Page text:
Gillett, Preston and Associates Incorporated
P.O. Box 3344
FAO is implementing a project on the management of world tuna fishing capacity. As part of this project, a study was undertaken of non-industrial tuna fisheries to describe these fisheries and their relative importance.
Although fishing-capacity specialists generally believe that it would be impractical to estimate the fishing capacity for the multitude of types of non-industrial tuna fishing, it is necessary to know at least the magnitude of non-industrial tuna catches in order to evaluate how important the lack of estimates of the non-industrial capacity would be to the success of the overall capacity study.
This study is concerned exclusively with the "principal market species of tunas": skipjack tuna, yellowfin tuna, bigeye tuna, albacore, Atlantic bluefin tuna, Pacific bluefin tuna and southern bluefin tuna.
The categories of fishing used in this report are: (1) industrial-scale (mechanized purse seining, conventional-freezer longlining and most pole-and-line fishing); (2) small-scale (all handlining, rod-and-reel fishing, sportfishing, all kinds of tuna fishing from vessels that are undecked, unpowered or use outboard engines or sails and most "unclassified surface gear"); (3) medium-scale (operations that fall between the definitions of industrial- and small-scale given above).
Estimates of the catches of tuna by non-industrial fishing were made in 148 countries, and a closer examination was undertaken of tuna fishing in the Philippines and Indonesia.
The results of this study show that the amount of tuna caught in the world by small-scale fisheries is about 320 200 tonnes, or about 8 percent of the global tuna catch. It was not possible to make a similar compilation for the medium-scale tuna fisheries. In most regions, the readily available information did not permit certain gear types to be assigned to industrial and non-industrial components.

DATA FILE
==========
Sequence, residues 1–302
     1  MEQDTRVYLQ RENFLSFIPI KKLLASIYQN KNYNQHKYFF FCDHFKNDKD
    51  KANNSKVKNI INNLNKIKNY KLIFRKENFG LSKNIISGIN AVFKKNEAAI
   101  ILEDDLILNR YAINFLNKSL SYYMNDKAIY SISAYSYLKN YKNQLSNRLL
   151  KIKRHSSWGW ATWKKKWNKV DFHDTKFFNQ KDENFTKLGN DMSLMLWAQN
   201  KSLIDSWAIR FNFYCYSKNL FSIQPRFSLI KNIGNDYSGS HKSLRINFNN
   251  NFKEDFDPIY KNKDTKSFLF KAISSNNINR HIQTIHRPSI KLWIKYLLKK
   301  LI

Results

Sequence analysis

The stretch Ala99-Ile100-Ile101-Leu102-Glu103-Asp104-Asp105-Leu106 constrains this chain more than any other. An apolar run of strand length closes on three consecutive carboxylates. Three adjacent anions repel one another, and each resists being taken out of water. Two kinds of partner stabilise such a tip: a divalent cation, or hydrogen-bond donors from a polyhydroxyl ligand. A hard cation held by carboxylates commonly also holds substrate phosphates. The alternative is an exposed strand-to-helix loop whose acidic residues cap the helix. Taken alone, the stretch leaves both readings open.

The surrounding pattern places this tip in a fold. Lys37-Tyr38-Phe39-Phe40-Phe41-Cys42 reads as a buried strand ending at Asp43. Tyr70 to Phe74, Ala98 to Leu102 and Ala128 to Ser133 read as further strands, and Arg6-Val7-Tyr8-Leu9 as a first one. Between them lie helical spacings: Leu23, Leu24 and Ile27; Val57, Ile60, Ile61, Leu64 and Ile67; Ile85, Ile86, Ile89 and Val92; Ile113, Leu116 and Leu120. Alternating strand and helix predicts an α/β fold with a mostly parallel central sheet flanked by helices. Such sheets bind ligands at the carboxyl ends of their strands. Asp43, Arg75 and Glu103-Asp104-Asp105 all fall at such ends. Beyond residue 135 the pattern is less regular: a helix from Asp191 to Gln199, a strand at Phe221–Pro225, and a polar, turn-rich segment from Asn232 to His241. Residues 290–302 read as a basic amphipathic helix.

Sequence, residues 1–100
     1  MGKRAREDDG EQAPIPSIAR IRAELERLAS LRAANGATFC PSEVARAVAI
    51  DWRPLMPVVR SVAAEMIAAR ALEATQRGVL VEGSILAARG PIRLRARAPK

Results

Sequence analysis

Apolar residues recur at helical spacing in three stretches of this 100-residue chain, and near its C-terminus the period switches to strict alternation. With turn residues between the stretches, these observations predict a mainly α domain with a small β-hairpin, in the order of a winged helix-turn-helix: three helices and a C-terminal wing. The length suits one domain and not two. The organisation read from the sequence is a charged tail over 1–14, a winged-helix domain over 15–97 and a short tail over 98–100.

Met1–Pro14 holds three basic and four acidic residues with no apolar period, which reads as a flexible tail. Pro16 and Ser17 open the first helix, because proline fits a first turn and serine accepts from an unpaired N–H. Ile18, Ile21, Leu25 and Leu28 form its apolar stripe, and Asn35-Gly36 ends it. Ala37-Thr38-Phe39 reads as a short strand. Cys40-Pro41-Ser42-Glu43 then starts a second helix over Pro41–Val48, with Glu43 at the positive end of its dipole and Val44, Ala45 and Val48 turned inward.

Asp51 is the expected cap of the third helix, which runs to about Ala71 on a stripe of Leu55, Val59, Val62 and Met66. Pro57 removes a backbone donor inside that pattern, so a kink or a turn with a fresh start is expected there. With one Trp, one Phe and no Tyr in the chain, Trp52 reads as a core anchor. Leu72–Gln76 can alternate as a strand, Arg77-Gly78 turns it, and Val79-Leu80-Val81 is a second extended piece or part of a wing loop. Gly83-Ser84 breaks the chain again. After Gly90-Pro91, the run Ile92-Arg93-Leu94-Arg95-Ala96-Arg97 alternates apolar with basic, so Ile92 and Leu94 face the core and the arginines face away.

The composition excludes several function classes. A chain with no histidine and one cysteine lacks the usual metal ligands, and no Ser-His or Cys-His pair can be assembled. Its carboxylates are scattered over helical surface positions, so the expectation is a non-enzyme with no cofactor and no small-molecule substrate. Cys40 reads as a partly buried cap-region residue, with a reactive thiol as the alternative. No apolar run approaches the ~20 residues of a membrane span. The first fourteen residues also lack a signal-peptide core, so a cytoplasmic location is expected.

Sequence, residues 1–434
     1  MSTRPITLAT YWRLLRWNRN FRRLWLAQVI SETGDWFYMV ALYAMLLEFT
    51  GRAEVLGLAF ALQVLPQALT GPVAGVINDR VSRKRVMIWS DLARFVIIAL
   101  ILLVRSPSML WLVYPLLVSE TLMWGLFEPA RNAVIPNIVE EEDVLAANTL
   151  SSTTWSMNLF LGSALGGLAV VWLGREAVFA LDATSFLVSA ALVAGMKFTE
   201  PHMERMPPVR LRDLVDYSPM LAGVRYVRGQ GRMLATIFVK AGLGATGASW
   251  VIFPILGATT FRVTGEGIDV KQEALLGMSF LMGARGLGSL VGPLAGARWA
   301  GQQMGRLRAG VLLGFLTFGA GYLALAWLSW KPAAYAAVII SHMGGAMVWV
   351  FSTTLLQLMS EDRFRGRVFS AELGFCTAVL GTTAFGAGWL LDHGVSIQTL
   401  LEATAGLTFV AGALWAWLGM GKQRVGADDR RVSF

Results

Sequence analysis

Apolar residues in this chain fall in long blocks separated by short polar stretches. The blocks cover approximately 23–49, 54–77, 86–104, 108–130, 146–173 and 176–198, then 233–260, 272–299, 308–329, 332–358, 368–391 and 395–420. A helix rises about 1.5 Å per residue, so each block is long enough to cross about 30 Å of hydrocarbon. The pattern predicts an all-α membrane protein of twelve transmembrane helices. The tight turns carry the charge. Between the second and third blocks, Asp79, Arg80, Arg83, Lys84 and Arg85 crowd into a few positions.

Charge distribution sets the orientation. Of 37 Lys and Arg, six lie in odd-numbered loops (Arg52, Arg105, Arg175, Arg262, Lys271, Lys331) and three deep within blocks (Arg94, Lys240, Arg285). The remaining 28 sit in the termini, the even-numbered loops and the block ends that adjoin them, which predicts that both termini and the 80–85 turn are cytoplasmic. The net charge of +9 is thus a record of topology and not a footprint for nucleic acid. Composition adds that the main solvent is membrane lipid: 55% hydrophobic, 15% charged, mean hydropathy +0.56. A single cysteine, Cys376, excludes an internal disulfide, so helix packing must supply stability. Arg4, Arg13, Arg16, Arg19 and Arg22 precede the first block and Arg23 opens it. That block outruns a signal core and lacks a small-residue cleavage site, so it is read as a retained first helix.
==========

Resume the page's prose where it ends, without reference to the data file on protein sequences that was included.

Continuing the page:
With the benefit of hindsight, it appears that the best option for a "clear division of scales" in the future would be to use the following scheme: (1) small-scale (handlining, rod-and-reel fishing, sportfishing, and all kinds of tuna fishing from vessels, usually less than 12 m long, that are undecked and unpowered, or using outboard engines or sails; (2) medium-scale (fishing from decked vessels, usually between 12 and 24 m long, without mechanical freezing capability); (3) large-scale (fishing from vessels, usually more than 24 m long, that have mechanical freezing capability).
The accuracy of the information in this report could be greatly improved by scrutiny by specialists with knowledge of national tuna fisheries. It is especially important for those experts to resolve the uncertainty associated with whether certain fleets should be assigned to medium-scale or to industrial-scale fisheries.
The Food and Agriculture Organization of the United Nations (FAO) is implementing a project on the management of tuna-fishing capacity. The main objectives of the project are to identify, consider and resolve technical problems associated with the management of tuna fishing capacity on a global scale, taking into account conservation and socio-economic issues.
The project's first Technical Advisory Committee (TAC) met in April 2003. The TAC discussed a variety of items concerning the project, including issues related to non-industrial tuna fisheries. The Committee noted that it would be useful to have descriptions of these fisheries, with information on their relative importance. The present review has been commissioned to deal with this need.